- Publisher

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About "Value in the Valley: Black Womans Guide Thru Lifes Dilemmas"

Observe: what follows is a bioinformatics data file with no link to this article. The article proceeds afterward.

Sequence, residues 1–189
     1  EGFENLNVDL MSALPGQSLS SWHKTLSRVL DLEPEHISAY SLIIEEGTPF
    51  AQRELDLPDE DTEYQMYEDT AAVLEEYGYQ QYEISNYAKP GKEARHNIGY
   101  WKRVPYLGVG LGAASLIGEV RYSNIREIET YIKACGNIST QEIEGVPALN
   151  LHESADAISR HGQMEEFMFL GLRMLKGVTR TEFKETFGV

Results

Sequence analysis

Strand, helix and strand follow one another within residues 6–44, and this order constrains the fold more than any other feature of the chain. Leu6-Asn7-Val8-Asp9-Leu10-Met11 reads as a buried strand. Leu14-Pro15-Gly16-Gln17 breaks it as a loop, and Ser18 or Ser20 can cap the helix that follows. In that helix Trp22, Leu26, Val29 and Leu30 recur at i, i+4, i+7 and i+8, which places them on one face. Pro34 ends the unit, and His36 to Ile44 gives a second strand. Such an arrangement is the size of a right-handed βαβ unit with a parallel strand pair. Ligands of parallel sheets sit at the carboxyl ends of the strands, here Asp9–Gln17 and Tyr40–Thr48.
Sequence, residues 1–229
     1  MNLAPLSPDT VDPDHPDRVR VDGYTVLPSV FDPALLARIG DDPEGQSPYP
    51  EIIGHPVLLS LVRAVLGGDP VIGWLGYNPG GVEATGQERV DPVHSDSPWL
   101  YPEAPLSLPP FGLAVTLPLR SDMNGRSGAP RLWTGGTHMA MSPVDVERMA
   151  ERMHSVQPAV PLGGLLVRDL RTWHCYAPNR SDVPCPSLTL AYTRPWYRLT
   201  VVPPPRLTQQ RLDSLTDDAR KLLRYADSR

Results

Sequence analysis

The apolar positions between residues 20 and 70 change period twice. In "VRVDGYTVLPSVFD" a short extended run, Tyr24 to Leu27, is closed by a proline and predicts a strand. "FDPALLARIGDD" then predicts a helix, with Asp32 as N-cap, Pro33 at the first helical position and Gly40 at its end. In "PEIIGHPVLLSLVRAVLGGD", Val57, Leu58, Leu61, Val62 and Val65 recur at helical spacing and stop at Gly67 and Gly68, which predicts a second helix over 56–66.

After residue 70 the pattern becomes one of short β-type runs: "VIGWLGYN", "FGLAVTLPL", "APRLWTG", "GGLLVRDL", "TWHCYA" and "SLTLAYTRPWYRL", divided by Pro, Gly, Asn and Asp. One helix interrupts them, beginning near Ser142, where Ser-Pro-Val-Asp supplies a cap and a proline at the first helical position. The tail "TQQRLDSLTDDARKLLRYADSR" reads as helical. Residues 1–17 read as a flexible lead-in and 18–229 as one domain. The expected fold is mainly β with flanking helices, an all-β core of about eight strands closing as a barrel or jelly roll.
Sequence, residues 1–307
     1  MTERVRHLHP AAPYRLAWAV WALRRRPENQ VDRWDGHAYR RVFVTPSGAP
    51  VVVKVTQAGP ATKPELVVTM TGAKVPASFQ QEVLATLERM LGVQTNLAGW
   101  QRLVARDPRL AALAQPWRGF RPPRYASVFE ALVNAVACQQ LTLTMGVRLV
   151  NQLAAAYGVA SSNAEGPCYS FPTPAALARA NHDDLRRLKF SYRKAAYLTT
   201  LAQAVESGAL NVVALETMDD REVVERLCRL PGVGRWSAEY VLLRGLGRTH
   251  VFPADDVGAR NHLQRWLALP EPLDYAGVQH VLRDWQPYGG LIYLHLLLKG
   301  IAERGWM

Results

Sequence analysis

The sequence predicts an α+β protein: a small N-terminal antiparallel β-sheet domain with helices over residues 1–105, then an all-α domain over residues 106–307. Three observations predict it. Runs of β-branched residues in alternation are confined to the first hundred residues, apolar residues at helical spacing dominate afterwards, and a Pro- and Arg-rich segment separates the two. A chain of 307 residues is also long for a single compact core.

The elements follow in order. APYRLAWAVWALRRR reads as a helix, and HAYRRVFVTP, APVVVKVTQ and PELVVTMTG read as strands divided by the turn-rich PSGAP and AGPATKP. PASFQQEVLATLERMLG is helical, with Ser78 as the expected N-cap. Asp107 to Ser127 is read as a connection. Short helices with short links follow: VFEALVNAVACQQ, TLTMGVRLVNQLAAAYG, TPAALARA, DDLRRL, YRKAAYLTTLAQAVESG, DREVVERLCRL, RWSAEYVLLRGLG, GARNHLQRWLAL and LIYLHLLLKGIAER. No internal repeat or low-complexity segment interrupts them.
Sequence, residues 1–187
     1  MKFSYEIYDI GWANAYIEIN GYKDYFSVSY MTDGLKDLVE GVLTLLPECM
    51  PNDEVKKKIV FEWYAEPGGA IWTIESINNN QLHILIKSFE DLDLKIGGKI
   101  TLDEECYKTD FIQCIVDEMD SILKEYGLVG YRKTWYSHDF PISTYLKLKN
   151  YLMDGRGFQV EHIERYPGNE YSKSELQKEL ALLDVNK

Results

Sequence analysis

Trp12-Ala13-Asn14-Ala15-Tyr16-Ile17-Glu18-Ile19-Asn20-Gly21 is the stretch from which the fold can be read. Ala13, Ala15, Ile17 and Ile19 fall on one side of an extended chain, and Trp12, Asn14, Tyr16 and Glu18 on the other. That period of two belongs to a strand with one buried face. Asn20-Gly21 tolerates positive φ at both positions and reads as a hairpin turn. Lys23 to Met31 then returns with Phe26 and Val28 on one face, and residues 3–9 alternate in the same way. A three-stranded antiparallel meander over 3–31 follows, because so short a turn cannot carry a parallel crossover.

Vanzant breaks through the self-destructive belief that suffering or unhappiness is deserved, and guides readers through what many seem like insurmountable problems. Vanzant is also the author of Acts of Faith.
- Publisher